Disappointment in surgical center approval

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Northwestern Medical Center will not appeal the Green Mountain Care Board’s recent approval of the certificate of need for the for-profit, stand-alone ambulatory surgery center proposed in Colchester.

We are disappointed in the decision, as we do not believe the applicant demonstrated in the legal proceedings that its project met the established standard of “need” for Vermont. We see this as a step backward to fee-for-service medicine while the rest of Vermont’s healthcare system moves forward toward an integrated system based on population health. However, these are critical times for healthcare reform in Vermont, and our efforts need to be focused on partnerships, integration, care coordination and primary prevention, and an appeal would be a distraction from that focus with what would likely be a lengthy and costly process.

Within the CON process, the Vermont Association of Hospitals and Health Systems and NMC provided testimony and documentation that demonstrated that Vermont does not need to invest in additional surgical infrastructure, as the proposed new construction duplicates existing capacity within the surgical services departments at both NMC and University of Vermont Medical Center. Building more operating rooms simply allows the center to skim patients from hospitals rather than met a need for additional capacity. This moves the system away from integration and adds avoidable infrastructure costs to the system. A voice of dissent within the GMCB’s split decision acknowledged “the surgery center would contribute to the fragmentation of Vermont’s health care system and increase costs systemwide.” Unfortunately, this was not the prevailing sentiment amongst the GMCB membership.

The CON was granted with 29 conditions attached. We appreciate the GMCB’s intent and recognize many of them try to address portions of the concerns raised by the interested parties. These include requiring physicians to accept patients despite their payer type, insurance status or ability to pay. The GMCB is also requiring the ASC to achieve joint commission accreditation and participate in an accountable care organization. The board stopped short of imposing a revenue cap on the earnings of the for-profit center, even though it continues to impose that cap on NMC and the rest of Vermont’s not-for-profit hospitals. Furthermore, the new center will compete against Vermont’s hospitals without being hampered by the 6 percent provider tax which hospitals must pay to the state. The conditions are an attempt to make the best of a challenging situation, but they fall short of creating a level playing field for proper competition and do not create a truly integrated system as called for by Act 48.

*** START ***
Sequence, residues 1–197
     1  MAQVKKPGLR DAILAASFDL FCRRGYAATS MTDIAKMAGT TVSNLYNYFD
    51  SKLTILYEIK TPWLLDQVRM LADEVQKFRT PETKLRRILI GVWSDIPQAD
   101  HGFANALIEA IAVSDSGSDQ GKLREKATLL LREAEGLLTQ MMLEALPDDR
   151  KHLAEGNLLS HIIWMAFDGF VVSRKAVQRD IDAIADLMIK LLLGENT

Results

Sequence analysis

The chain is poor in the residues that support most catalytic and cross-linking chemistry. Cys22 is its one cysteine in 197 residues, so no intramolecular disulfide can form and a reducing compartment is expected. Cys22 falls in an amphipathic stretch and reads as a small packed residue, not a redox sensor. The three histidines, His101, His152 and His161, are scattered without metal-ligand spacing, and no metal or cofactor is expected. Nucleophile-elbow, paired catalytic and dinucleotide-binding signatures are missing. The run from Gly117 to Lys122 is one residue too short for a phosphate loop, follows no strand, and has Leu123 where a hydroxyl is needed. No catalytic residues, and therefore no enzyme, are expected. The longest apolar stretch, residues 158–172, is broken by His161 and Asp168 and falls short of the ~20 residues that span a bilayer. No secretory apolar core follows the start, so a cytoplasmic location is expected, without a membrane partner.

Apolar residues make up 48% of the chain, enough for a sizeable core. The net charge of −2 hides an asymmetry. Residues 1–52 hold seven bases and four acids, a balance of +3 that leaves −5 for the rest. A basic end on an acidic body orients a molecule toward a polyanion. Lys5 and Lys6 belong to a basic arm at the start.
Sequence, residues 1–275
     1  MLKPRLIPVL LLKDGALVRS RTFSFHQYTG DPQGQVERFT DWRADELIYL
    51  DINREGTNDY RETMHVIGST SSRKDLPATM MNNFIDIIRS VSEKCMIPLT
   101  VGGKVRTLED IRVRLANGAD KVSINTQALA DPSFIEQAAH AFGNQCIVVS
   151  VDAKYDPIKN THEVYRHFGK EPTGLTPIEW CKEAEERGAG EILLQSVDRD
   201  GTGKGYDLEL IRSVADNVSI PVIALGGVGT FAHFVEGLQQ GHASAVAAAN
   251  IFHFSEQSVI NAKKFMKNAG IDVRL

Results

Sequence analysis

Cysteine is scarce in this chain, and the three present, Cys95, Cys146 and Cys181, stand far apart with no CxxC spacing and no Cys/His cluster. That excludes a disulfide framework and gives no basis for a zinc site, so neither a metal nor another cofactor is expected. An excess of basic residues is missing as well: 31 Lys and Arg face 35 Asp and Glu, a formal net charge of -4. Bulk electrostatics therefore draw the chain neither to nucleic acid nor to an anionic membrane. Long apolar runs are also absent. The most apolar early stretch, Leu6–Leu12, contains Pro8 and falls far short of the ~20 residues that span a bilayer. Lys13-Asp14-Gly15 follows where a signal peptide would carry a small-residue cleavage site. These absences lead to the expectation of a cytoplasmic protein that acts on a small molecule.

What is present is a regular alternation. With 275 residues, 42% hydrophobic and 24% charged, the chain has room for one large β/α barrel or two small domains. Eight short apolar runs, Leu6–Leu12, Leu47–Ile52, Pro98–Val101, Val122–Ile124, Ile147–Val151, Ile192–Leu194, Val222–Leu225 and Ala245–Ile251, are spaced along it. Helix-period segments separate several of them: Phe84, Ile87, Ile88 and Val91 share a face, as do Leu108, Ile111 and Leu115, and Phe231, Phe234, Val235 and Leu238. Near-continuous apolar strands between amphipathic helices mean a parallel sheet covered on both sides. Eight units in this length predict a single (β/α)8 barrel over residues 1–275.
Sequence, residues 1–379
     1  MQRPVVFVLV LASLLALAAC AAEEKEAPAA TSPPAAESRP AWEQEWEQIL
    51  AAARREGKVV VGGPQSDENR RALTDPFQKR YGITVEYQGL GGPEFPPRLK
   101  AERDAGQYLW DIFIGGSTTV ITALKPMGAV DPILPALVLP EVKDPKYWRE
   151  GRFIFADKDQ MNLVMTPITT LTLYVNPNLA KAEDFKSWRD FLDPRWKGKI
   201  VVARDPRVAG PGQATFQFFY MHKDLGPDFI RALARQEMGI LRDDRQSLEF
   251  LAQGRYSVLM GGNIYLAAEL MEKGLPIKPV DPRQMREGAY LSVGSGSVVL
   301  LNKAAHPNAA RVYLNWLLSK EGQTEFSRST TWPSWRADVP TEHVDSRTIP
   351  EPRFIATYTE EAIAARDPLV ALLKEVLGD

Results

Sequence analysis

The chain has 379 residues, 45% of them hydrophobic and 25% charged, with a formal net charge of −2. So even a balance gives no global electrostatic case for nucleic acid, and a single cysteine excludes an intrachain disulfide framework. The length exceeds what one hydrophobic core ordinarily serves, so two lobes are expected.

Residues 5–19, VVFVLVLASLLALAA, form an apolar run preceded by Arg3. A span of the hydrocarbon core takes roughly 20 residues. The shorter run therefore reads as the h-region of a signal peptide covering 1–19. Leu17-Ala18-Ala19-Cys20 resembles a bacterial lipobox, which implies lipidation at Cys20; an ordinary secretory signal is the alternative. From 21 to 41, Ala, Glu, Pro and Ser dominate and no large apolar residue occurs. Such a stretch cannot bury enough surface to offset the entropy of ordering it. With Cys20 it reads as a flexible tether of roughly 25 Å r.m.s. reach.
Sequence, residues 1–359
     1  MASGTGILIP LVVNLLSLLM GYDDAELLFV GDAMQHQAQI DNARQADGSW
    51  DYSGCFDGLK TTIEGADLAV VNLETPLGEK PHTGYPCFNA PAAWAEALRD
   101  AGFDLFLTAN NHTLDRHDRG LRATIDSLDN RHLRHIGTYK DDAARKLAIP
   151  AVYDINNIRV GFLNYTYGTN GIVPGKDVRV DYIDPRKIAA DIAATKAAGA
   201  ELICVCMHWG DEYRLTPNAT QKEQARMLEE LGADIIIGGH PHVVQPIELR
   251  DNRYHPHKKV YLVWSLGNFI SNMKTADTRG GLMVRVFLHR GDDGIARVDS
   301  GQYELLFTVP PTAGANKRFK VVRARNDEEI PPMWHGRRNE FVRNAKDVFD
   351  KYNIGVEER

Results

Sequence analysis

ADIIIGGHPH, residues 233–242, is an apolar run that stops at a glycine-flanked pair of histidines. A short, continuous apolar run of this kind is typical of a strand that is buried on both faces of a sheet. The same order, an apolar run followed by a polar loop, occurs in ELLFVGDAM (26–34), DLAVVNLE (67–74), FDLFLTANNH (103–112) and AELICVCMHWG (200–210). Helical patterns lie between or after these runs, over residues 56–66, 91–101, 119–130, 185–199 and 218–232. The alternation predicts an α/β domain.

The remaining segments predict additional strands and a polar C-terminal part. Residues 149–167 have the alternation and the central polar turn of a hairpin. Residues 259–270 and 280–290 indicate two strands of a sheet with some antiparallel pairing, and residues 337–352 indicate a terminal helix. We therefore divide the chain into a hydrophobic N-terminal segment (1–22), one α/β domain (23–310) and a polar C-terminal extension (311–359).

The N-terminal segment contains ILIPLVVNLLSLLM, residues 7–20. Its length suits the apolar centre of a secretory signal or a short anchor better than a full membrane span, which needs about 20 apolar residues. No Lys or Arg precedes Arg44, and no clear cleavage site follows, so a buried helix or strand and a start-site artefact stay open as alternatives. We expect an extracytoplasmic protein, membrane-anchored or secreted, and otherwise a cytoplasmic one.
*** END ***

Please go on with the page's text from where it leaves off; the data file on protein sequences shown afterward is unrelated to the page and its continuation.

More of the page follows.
Despite this decision, our focus will be on our mission of providing exceptional care for our community. Once the names of the physicians involved in the proposed center are made public, we can better estimate how much care may be redirected out of our community and adapt to lessen that impact. We must continue our focus on streamlining our processes and removing avoidable costs without reducing access. Continuing to evolve our pratices will preserve our ability to continue to meet community need in a changing environment.

As we move forward, we cannot let this decision be divisive in our efforts. The dissenting voice in the GMCB’s decision worried the board “will lose the collaborative relationships we have had with most hospitals around the state for six years. They simply will not trust us. As a result, the hospital budget process will become increasingly hostile, especially as hospitals find themselves under mounting financial pressure.” Despite the looming potential negative impacts to NMC made possible by this decision, the future of healthcare in northwestern Vermont – and all of Vermont – is too important to allow it to derail our collective future. NMC will maintain our open, collaborative, improvement-focused approach to working with the GMCB. We will press forward in our efforts to be a leader in health system reform, in cost containment and in the investment in primary prevention to improve population health and bend the cost curve long term.

Throughout the process, we appreciated the voices of support for local healthcare within our community and the efforts of numerous community leaders who traveled to Montpelier to provide formal public comment. Thank you for your continued support of NMC and the work of our community partners.

Jilly Berry Bowen is the CEO of NMC.